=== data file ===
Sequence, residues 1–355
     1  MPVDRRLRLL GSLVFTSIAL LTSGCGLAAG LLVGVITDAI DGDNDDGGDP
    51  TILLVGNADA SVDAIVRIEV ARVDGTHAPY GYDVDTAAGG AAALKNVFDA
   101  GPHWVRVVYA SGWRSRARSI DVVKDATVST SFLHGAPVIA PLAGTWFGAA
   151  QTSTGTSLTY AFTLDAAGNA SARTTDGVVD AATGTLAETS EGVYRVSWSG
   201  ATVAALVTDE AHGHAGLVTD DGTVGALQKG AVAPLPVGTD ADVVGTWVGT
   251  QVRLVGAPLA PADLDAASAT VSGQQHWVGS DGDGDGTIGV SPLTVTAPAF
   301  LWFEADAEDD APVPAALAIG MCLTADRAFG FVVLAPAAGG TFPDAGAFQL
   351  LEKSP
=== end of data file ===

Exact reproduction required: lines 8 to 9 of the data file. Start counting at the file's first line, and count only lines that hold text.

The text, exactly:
   301  LWFEADAEDD APVPAALAIG MCLTADRAFG FVVLAPAAGG TFPDAGAFQL
   351  LEKSP